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Packhorse Librarians #4



"This is what I would say if I could, to all smart people of the world with their dumb hillbilly jokes: We are right here in the stall. We can actually hear you." - Demon Copperhead


When I read the final page of Kingsolver's book I was struck by how tenderly she wrote about the characters from the hills of Kentucky, people who were historically and are presently dismissed and mocked for their station, as if they had a fighting chance against an indomitable system working hard to keep them down. It is not lost on me the parallel of the packhorse librarians delivering books with new perspectives to their community and Kingsolver's writings delivering, to a much broader audience, a view of different worlds existing within our own. As I mentioned in my first blog entry, she has changed the way I think about and see Appalachia, its history, and its people.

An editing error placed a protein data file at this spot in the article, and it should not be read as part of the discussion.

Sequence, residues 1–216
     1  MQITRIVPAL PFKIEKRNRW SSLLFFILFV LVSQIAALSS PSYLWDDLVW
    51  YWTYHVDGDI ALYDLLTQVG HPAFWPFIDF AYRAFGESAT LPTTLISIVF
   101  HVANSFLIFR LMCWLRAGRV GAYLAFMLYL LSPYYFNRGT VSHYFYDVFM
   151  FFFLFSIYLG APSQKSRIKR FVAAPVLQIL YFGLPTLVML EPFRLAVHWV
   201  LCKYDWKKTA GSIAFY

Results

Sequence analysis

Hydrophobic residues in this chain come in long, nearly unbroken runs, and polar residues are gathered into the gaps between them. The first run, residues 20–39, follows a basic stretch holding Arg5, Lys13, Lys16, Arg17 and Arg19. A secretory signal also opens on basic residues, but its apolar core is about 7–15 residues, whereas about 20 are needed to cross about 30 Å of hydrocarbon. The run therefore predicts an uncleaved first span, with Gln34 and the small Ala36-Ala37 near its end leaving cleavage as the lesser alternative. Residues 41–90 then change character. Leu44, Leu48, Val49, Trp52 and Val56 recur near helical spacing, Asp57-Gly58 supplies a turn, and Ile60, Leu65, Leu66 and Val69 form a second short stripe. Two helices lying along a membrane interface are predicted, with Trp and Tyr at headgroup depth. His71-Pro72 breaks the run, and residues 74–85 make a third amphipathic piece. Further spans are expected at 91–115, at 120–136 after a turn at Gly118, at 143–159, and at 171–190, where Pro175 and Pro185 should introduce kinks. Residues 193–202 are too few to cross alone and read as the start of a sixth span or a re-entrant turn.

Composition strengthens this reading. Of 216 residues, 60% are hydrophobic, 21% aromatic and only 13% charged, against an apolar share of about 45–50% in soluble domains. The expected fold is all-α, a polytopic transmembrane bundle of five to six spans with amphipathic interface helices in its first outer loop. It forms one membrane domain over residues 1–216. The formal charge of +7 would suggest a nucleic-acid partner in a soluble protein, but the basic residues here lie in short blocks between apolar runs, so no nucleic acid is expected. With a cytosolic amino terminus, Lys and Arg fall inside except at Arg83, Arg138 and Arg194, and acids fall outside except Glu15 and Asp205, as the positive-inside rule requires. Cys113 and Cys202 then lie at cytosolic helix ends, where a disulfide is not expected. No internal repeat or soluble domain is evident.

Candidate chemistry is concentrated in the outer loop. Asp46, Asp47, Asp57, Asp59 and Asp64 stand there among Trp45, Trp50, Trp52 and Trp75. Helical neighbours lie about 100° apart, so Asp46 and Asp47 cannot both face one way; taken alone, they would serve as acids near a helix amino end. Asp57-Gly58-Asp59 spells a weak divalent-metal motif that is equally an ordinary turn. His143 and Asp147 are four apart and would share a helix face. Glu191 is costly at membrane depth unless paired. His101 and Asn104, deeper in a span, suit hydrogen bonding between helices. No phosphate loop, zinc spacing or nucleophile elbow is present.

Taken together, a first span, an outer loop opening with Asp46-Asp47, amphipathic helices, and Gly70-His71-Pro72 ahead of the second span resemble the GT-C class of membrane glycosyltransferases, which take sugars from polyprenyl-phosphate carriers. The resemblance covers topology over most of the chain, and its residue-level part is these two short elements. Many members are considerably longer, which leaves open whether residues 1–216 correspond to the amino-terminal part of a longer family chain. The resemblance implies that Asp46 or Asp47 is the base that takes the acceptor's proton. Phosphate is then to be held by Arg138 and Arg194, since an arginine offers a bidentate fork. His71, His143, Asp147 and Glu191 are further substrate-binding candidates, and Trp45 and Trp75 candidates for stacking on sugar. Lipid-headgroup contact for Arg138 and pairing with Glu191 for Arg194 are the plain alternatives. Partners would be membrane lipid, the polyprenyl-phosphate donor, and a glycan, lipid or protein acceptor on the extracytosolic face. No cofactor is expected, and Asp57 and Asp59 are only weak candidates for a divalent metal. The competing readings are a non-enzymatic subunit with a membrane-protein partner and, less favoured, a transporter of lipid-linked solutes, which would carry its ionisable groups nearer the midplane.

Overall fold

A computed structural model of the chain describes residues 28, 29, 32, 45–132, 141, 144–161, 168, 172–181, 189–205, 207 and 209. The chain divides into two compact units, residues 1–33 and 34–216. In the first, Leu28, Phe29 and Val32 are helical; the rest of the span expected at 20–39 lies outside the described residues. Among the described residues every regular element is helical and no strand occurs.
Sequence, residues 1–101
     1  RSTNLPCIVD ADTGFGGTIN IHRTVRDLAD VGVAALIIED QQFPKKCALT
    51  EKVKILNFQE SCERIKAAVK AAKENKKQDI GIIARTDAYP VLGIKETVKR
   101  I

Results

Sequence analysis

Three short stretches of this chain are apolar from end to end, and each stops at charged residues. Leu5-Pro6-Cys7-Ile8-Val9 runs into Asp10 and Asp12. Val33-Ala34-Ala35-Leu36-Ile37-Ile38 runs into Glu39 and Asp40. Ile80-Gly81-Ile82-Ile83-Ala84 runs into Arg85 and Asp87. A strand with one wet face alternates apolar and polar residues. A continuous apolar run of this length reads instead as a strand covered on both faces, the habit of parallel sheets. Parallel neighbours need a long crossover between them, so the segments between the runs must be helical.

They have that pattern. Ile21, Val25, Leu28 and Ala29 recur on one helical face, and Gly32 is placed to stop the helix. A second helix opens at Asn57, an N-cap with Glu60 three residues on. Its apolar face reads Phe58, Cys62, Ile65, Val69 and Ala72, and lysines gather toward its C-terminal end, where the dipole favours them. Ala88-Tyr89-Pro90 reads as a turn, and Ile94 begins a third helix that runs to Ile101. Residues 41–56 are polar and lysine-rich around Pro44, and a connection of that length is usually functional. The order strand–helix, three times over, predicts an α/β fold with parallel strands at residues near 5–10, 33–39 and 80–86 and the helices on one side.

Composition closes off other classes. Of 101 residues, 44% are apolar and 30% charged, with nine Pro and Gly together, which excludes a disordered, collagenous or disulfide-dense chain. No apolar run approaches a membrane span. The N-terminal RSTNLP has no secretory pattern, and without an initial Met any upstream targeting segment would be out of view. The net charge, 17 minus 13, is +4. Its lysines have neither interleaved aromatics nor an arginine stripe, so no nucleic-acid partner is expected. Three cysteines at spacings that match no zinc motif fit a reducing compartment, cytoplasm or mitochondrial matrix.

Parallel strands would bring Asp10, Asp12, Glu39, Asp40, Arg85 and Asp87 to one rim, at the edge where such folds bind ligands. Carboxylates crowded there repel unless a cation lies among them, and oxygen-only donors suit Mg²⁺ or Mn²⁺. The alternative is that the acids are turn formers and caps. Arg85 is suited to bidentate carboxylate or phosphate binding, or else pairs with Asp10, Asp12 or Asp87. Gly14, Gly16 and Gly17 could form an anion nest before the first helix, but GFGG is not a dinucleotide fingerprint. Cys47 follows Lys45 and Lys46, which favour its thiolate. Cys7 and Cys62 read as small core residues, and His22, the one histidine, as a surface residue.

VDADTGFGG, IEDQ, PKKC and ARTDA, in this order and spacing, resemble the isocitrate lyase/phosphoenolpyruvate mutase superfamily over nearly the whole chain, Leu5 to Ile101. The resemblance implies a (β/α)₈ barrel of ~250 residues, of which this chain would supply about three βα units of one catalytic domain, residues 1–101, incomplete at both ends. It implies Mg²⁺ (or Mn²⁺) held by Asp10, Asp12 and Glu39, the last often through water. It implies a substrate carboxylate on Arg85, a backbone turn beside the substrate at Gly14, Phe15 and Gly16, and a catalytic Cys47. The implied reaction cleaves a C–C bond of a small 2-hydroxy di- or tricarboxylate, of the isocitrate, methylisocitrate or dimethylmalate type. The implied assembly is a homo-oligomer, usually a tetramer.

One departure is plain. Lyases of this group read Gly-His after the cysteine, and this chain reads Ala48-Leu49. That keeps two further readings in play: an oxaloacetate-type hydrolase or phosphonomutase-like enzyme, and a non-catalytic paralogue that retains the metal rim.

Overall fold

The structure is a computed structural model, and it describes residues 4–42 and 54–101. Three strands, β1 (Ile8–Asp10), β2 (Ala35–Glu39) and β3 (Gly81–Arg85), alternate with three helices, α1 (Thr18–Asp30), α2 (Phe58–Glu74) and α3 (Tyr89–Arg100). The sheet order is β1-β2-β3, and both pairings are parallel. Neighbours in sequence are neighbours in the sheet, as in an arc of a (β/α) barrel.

I little anecdote about this painting in particular is the scene with the librarian riding up to the porch rather than front door. The dilapidated homes were difficult to keep warm in the cold winter days and were often insulated with old newspapers glued to the walls. In order to not let in the cold chill of the day, the librarians would hand their materials through slots in the covered "windows" or a back patio where the home was less exposed.



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